If you consume coffee, on average, how many cups a day do you drink? Also, did you know that around 1.4 billion cups of coffee are consumed every day? This is based on slightly older research, so the number is probably higher today.
The scale on the image represents and symbolizes the term trade-off. As the famous saying says, “Time is money,” almost everything in life needs to be weighed out. In this case, you’d trade your time for the money, which the majority of people do in the current times. We have jobs, trade our expertise and skills for which, in return, we get compensated with a salary.
Basically, what I am trying to say with this is, if you share some of your personal data with, let’s say the government, then you’d have to get something in return.
Would you share your personal data with the government?
For example, what we could get in return is, let’s say, some sort of medical service. At the beginning of the post, I asked how many coffees a day do you drink. This may seem like an irrelevant question and it may not seem as important, but those small things and habits shape our lives.
So let’s say we have an imaginary person named Bob, and his heart condition is not in the best shape. He might have high blood pressure, or his beats per minute are higher than normal. If Bob noted that he drinks more than 5 cups of coffee a day, then some conclusions can be drawn upon the information available. His doctor or health supervisor can give him advice on whether to reduce the amount of coffee he drinks a day, to replace it with something else, or to quit altogether. This may seem like a banal example, but it shows sharing such data can help if there are mutual benefits. People can get services like this and the government can get more insight into its citizens. Of course, as long as the data and privacy aren’t “leaked” or exploited in the wrong way. But, do you trust your government, and are you afraid that it just might happen?
I am trying to raise some critical questions using these examples. We all have smartphones and, in a way, we already agreed to share our data with let’s say Google or Apple. If you’re using Google Maps, you’re willingly giving your current location to navigate more comfortable in an unknown area or to find something that you’re looking for. So this is a trade-off; you give your location to get some sort of service for that. Then the provider of the service you were using can use your location, make movement patterns, check the places you visited or were mostly interested in. Then advertisement campaigns can be created specifically for you, with specific ads being served based on the data they have about you.
I see so many people paranoid in a sense: if they give their data to the government, they will be “controlled.” So my question is, if you’re willing to give your data to some company, why not give your data to your own country? I am not oriented towards any political party, nor am I working for the government (I’m actually apolitical), I am just trying to make people more knowledgeable about these kinds of things and to give more insight into how this stuff works so that they can make their own future decisions, possibly in a better way.
With Covid-19 we had a rocky start of 2020, and there are a bunch of questions like, why didn’t the almighty AI do much about all this, why didn’t it predict the spread, why didn’t it find a vaccine for the virus, why this and why that? Well, when we find ourselves in the problem, we tend to point fingers, blame, and get loud about it. There is a major misconception about the term AI, and it kind of aligns with misconceptions of understanding cloud (computing, servers). People think that the cloud is a magical thing somewhere in the atmosphere that stores all our data. For AI, people think that it works on its own, that one day it will create its big, ugly, robotic abomination that will turn against the human race and destroy everything. Though it’s up to humans to decide if this will be the course of action in the future, as it is right now, AI is just a powerful tool. If we, the people, don’t know much about the Covid-19 virus, then we cannot use AI as assistance, it can’t help us solve the problem that we’ve been stuck with for quite a while. If we have enough knowledge and data about a certain problem, then we can use AI as a tool to advance, develop, and get results potentially faster.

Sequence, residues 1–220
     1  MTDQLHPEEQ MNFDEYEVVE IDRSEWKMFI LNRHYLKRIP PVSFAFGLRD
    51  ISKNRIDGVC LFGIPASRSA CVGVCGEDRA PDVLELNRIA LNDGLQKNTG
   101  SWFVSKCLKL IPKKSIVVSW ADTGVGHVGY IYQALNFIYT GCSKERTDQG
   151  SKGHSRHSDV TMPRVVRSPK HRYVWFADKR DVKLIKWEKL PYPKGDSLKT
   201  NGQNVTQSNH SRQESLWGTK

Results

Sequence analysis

What long term solutions may arise after the pandemic’s end? Will we get back to normal afterward?
I see a lot of people talking about how we won’t go back to our old normal lives after this ends, but I think we will. The reason why I think so is that this didn’t last long enough. Now, don’t get me wrong, I believe none of us wanted this pandemic to happen in the first place, nor do I want it to last any longer. I am just trying to point out that it takes a lot to change people’s mentality on a global scale. It will undoubtedly change some things like border crossings, big gatherings, sports events, but just temporarily.
What needs to change is us, as individuals.
All this exposed many weaknesses in all of us — panic, anxiousness, depression, overconsumption, selfishness… So, ask yourself — will it change me as a person, will it change some tiny, daily habits and routines that I do, will it make me stay in fear of what the future holds or will I see this situation in a positive way, will I care more, will I be more empathetic, will I be a better person? AI can’t help us achieve this.
The virus took many lives, it caused massive damage to the economy, and I admit that we lost the battle, but if it manages to change us in a way I described, we will win the war.